A social revolution and a change election
Sir, – Una Mullally’s article “Ireland’s social revolution sparked change election” (Opinion & Analysis, February 17th) amounts to a spirited attempt to explain how Ireland’s repeal-led “social revolution” was at the core of the recent election results. The facts simply don’t bear this out.
There isn’t much point in analysing the election results through the narrow prism of abortion.
While the issue undoubtedly sways a percentage of the electorate, it’s more likely that votes are cast on the basis of a much wider range of issues.
But if, as your columnist suggests, the results should be examined in the context of the repeal referendum, what do they tell us?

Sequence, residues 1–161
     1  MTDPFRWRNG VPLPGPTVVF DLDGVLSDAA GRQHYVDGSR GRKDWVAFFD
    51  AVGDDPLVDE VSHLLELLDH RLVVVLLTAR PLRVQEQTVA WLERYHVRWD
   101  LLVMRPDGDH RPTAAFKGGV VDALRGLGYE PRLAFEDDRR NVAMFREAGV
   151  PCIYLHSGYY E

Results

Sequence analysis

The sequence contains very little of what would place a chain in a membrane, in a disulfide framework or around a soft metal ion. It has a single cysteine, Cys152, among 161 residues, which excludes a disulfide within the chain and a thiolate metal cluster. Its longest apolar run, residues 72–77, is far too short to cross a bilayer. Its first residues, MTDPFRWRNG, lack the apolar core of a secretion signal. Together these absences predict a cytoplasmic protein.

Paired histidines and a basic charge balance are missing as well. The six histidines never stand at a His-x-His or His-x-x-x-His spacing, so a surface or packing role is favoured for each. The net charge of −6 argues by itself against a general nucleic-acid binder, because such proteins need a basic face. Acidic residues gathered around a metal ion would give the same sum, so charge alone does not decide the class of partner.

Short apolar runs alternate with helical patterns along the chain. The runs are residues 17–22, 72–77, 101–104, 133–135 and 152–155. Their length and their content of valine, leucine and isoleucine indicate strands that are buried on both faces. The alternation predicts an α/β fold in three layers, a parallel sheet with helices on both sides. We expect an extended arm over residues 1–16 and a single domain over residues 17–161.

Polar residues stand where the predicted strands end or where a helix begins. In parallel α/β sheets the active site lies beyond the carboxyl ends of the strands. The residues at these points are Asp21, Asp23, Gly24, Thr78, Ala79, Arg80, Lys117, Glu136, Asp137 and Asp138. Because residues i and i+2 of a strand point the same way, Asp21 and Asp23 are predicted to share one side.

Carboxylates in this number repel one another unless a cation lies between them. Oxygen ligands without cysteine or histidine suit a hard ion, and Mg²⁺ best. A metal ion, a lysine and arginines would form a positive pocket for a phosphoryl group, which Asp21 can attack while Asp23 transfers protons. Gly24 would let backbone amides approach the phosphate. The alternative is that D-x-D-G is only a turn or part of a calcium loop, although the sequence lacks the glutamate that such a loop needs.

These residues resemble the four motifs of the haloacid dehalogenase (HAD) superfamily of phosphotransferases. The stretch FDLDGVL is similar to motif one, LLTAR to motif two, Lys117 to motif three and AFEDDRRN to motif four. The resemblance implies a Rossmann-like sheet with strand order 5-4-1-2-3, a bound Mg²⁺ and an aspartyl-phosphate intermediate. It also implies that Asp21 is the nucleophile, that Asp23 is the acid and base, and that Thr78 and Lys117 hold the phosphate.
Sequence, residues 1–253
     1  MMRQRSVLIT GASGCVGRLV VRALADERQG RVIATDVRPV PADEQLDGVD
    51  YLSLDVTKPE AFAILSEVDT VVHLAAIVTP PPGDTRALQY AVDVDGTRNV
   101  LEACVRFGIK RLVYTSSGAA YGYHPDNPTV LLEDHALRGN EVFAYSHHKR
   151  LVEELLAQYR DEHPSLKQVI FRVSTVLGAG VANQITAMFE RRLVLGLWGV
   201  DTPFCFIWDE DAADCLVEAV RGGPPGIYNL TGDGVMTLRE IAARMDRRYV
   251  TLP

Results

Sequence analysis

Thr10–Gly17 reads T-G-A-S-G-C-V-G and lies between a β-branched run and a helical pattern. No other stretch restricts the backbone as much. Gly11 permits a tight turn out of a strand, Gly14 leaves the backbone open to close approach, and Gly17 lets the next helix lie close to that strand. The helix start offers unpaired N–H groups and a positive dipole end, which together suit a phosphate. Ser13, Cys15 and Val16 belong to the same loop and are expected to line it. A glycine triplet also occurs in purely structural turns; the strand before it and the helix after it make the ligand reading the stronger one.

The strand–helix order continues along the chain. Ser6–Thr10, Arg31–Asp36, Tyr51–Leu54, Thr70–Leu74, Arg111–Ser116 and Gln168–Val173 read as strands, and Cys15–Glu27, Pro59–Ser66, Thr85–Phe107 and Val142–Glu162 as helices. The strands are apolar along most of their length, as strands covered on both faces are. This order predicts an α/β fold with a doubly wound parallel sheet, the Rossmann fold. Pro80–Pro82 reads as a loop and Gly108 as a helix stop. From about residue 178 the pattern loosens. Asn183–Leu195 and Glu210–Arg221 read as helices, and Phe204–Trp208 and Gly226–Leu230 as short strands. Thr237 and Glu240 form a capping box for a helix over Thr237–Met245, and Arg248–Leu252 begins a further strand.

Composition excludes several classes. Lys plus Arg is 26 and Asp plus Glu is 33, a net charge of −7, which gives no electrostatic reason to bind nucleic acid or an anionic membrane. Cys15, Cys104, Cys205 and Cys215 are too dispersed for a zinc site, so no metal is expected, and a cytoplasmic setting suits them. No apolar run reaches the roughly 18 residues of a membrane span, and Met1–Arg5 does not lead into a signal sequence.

Every TD who campaigned for, or voted in favour of retaining the Eighth Amendment was returned to the Dáil. This included TDs such as Peter Fitzpatrick, Carol Nolan and Peadar Tóibín, who left their respective parties and ran successful campaigns even without the benefit of a party machine. Conversely, several high-profile repeal campaigners lost their seats, or failed to win one in the first place.
It follows then that any analysis of the election result from the repeal viewpoint can only reach the conclusion that there is nothing to be lost politically from adopting a pro-life position.
Equally, there is nothing to be gained from promoting the introduction of abortion.
I do, however, agree that the legalisation of abortion can no longer be considered a radical goal. It’s now something that was encouraged, brought about and ultimately achieved by the establishment. Those who oppose abortion are the new radicals and as such are far more likely to bring about the revolutions of the future. – Yours, etc,